George Stow and Joseph Orpen, collectors of rock art treasures

George Stow was 21 years old when he arrived in Port Elizabeth in 1843. A geologist by profession, he was “a Victorian gentleman of many talents,” said his friends. He was a historian, ethnographer, artist, cartographer, writer and poet. The South African veld beckoned him and rock art fascinated him.  It took him into caves and shelters across the hinterland.   George started recording rock art in the 1860s. In a letter to T. Rupert Jones, published in Nature in 1870, he wrote: “During the last three years I have been making pilgrimages to the various old Bushman caves in the mountains in the Colony and Kaffraria, and, as paintings are becoming obliterated very fast, it struck me that it would be well to make copies of them before these interesting relics of an almost extinct race are entirely destroyed.” In a letter written to Lucy Lloyd in June 1877, he outlined a plan to record rock art with the help of a young Bushman. Without much funding, George recorded rock art throughout his life, not only to preserve it for posterity, but to prove the San’s extensive and lengthy occupation of the country. He wrote Native Races of South Africa in 1880, but could not find a publisher.  This manuscript was eventually only published in 1905.  George died of heart failure in Heilbron in 1882. After his death, his scientific papers and copies of Bushman paintings were sent to a friend Charles Sir Orpen, brother of Joseph Millard Orpen, an Irishman who loved rock art.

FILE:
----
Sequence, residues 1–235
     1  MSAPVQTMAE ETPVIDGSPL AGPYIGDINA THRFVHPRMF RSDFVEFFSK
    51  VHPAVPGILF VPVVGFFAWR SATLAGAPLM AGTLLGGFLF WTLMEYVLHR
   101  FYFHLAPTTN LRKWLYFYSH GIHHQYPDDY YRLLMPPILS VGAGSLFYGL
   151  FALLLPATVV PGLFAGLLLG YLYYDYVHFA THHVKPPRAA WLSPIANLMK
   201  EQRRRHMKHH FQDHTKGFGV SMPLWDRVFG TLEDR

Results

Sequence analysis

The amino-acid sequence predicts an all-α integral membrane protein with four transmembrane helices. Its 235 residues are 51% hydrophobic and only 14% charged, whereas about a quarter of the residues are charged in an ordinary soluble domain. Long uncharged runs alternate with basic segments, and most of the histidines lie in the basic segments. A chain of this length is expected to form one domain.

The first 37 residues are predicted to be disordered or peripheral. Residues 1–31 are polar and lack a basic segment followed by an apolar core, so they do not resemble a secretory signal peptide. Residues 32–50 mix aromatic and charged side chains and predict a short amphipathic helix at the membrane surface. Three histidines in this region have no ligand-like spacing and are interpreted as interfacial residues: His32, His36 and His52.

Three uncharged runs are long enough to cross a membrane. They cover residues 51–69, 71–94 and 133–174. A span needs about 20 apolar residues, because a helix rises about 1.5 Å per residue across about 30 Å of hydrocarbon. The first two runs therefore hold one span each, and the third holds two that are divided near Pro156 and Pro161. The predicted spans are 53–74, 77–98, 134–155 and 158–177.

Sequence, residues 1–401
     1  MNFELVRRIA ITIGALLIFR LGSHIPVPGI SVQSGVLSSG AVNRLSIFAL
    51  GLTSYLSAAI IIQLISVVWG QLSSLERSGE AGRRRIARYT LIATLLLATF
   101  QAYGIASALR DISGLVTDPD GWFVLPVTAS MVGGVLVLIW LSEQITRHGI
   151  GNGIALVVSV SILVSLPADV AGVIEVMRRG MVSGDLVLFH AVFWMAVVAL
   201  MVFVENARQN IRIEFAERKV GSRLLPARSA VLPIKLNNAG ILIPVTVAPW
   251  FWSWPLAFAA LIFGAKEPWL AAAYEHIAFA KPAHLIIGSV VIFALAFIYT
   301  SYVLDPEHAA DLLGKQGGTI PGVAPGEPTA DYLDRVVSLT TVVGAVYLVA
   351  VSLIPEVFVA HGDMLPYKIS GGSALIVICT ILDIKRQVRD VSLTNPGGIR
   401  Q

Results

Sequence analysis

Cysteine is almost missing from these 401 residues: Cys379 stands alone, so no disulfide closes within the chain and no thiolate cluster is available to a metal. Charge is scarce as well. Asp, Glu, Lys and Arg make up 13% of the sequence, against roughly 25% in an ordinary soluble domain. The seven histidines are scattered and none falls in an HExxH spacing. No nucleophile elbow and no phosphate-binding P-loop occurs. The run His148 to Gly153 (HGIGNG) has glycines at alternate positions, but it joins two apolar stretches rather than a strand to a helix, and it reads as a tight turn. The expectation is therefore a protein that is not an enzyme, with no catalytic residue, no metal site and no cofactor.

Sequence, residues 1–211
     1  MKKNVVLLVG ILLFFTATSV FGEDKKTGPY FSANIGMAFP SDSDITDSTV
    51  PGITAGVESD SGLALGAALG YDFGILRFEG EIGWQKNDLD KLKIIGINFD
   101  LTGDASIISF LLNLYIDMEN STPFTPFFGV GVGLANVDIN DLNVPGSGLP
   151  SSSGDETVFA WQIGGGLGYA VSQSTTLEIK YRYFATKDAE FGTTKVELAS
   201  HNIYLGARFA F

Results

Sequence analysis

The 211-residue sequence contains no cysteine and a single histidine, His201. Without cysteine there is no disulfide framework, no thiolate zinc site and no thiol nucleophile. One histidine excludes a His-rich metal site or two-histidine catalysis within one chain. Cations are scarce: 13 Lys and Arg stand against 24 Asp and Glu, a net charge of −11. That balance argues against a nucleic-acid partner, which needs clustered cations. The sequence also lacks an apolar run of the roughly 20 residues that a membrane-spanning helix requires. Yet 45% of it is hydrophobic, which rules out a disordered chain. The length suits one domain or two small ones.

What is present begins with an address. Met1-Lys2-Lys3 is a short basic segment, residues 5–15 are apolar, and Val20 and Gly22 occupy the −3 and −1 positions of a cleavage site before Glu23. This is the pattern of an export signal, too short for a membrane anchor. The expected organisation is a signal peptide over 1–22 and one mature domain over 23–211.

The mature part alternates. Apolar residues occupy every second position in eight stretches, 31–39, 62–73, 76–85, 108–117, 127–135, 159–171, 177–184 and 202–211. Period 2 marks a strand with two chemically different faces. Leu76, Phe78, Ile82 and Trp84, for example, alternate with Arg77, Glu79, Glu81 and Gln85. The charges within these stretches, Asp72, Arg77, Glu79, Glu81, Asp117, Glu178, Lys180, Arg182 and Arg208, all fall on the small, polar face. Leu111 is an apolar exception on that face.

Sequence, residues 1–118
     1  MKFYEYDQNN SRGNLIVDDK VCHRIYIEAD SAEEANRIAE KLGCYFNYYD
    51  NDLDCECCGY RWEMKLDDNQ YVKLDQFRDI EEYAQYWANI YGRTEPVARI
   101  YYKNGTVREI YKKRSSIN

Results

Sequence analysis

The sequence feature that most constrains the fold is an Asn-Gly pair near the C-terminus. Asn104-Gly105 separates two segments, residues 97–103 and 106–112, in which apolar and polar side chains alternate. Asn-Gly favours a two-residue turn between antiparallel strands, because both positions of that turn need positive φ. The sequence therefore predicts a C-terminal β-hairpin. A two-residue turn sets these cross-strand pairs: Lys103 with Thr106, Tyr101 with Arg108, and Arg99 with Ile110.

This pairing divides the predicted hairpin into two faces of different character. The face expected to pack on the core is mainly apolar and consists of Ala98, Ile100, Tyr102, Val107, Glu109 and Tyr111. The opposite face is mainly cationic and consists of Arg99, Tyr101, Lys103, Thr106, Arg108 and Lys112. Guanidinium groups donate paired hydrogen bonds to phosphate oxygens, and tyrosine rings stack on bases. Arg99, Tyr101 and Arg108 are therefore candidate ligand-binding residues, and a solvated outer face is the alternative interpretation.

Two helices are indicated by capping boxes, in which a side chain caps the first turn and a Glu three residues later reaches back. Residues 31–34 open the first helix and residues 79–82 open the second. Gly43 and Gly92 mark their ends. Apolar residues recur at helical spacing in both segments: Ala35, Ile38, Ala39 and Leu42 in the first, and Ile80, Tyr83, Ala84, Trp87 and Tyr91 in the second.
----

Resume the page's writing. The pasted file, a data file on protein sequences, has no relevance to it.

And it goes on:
Joseph Orpen, an Irishman, emigrated to the Cape in 1848. He was 20 years old and he took up sheep farming. He later moved to the Free State where he became a surveyor and politician. He was a self-taught geologist and at the suggestion of his brother Charles’s close friend, George William Stow he started copying rock art. Joseph single handedly tracked and found Qing, one of the last survivors of the Drakensberg San. With Qing he travelled to rock art sites and in the evenings while sitting around a camp fire, Qing, would provide insights on the meaning of these drawings. Joseph diligently recorded these conversations and explanations and thanks to him, researchers today are able to understand the meaning of much of the rock art. Despite being somewhat of an imperialist  Joseph had a deep interest in the indigenous people of South Africa states an article in the African Rock Art; Digital Archive. In July 1874, he wrote an article entitled A Glimpse into the Mythology of the Maluti Bushmen for the Cape Monthly Magazine.
© Rose’s Roundup, September 2011 (No 211)

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